What’s an imprint code? How do I use it?

Imprint is usually understood as the "branding" a publisher applies to a book – what's on the spine of a print book – but it's a marketing tool and may change as the publisher's needs change.  

Publisher is the name of the company that owns or holds rights to a product.  They receive the money from sales of the book and pay royalties to the copyright holder.  Another way to understand it might be that it's the name of that appears on the Title Page of the book, and on the reverse of that page you would expect to find copyright and Cataloging In Publication information.

Supplier is the company who supplies the book to Retailers (not consumers) – so the name of the company who has been assigned by the publisher a market area (usually on a exclusive basis) and they supply retailers within that market.  While that's makes the most sense in a print world supporting warehouses, EDI and distribution, it's no less true for digital books.  The difference in the digital world is that it's common that the publisher = supplier and the market area is the "WORLD".

The very short form is: The Imprint is just a name but the money goes from the retailer through the Supplier to the Publisher who pays the author.  Naming is important because it's branding of the product and the company, but it's also about accounting systems and identification of businesses.  Consistency in the naming of these helps the extended supply chain of retailers, libraries and wholesalers understand and work with you.

Some on-line retailers, Amazon most notably, display "Imprint" as their "Publisher" value.  Other on-line retailers may choose to display both Imprint and Publisher as distinct values and some may only display Publisher.  All on-line retailers index both values for consumer search whether or not they are displayed.

Self-published authors may be providing the same information in each case.  That's normal and fine, but you should be aware that within the metadata the functions are treated differently.  You may be the business and you might even change your publisher name on every book, but within the publishing supply chain the publisher is the business name, the imprint is the brand and they need a name to contact for stock and to pay. They are distinct and changes made to them should be handled with notification and care.

Imprint Codes

Imprint codes are a means for end users to map and follow the continuity of a publisher's imprints which, as they are means of branding, may change over time. For example a publisher's 2010 imprint "Baker's Dozen" may in 2013 be presented in their list as "A Baker's 13".   The continuity of the code would allow the end user to know that their records on both names should remain linked even though the formal branding has been updated.  The code's consistency allows the end user to know the publisher has done this intentionally and not randomly set up a new Imprint and transferred old titles into it.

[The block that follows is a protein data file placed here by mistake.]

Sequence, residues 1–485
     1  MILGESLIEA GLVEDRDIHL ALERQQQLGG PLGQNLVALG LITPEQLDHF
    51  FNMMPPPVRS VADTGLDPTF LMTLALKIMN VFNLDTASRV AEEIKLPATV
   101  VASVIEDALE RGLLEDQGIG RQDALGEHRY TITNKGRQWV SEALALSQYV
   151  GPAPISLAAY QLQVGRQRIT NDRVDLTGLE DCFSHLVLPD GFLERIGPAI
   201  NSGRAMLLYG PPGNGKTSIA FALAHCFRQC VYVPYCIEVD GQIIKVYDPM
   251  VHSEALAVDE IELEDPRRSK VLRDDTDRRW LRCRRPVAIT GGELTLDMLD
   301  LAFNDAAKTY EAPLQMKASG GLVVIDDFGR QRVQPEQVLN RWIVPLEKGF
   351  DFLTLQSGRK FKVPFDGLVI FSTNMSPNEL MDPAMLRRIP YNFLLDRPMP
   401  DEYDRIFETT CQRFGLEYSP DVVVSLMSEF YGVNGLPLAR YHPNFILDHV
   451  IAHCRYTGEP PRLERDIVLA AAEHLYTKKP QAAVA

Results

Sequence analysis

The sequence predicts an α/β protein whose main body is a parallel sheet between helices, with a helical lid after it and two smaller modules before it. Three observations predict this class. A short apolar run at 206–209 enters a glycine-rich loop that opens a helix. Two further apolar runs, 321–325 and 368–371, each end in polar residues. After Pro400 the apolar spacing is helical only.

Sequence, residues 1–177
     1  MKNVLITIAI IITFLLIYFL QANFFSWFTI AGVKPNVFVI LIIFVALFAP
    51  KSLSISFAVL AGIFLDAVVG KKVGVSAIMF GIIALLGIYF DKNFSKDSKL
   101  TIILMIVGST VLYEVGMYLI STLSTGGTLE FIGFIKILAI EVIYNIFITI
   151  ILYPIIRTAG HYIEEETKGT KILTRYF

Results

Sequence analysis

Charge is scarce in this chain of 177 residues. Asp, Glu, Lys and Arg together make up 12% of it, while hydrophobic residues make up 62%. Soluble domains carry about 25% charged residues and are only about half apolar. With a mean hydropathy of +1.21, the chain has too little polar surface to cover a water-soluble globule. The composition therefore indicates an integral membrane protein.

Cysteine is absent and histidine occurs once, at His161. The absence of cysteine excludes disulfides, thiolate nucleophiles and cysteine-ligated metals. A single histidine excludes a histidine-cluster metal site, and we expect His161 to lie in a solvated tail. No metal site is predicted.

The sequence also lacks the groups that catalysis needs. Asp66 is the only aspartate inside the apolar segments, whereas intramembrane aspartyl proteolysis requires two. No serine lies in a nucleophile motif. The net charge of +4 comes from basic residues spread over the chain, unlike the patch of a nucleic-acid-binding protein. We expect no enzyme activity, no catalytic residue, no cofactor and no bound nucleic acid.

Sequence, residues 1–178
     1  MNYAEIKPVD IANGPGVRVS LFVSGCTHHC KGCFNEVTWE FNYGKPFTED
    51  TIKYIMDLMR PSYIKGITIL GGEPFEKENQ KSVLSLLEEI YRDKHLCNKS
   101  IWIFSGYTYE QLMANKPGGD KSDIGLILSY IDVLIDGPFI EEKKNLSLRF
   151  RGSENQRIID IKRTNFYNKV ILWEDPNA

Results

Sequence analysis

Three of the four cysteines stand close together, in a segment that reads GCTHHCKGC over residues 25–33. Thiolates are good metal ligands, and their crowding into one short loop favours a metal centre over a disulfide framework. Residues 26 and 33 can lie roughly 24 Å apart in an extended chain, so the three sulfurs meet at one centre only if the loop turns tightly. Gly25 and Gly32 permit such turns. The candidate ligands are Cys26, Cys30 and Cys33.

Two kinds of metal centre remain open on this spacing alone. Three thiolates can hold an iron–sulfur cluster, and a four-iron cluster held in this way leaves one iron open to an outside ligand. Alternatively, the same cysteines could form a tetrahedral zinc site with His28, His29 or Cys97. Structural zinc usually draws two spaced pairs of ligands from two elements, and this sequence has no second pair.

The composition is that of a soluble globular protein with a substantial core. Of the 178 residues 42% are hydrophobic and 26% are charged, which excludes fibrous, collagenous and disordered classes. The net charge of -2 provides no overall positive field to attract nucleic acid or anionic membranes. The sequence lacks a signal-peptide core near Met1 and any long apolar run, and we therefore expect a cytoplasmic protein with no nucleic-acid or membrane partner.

• Imprint codes are a "proprietorial" identifier and like any proprietary identifier relies on the metadata sender using a consistent self-chosen code. End users can only believe what you send.
  • Amazon requests that publishers supply a proprietorial imprint code in their metadata.  Other companies may use them as well.

What makes a good Proprietary Imprint Code?

It should be a code, meaning a continuous string without spaces or atypical characters in it.  And it should be used consistently.  After that it's up to you, but generally a string of 4 or 5 letters and numbers is probably as much as you need.  If you know your Baker & Taylor imprint code you can use that.  The above example might be BakDoz  or BAKER, or BAK05.

It's a very poor practice to repeat the Imprint Name, spaces and all, as a code. 

The need for accuracy

Publisher and Imprint names are often misspelled or have subtle differences introduced into them.  Simply adding a period -- Ltd vs Ltd. -- will make a difference for computer selects.  That in turn can cause your business partners to lose their associations to your records. Yes they will find them eventually, but why make it hard?

BookNet Canada strongly recommends that all publishers maintain a strictly controlled presentation of their names in metadata because they are key to how accounts are organized (and how you get paid).   While simply doing it the same way each time is best, use of supplementary identifiers can help.   In the case of Imprints which are held entirely within a business a well maintained proprietary code is sufficient.

The case for other identifiers

The same case made can be made for codes both Publisher and Supplier Names but the difference would be that an outside agency should supply the identifier because to be useful businesses need to to understand and trade it among trading partners.  So Publishers or Suppliers  would be best supported by the use of standard identifiers such as GLN (assigned by GS1), SAN (required for EDI in North America).  Strictly speaking GLN and SAN are business "location" identifiers giving the business name plus the specific location of say head office vs a distribution warehouse. The most generic naming identifier is an International Standard Name Identifier (ISNI)  which is mainly with associated with identifying individuals as content creators but can be used by any named organization associated with "content".  Typically a publisher can be considered to be associated with content and could be assigned as ISNI, but a Supplier would not be as their association with specific content is tenuous.  A Supplier's best identifier is their SAN or GLN.

Identifiers should NOT be seen as a replacement for spelling and presentation consistency, but as a means of providing "persistent" identifiers that enrich your ONIX feed as a discoverability and business tool.

Further Reading: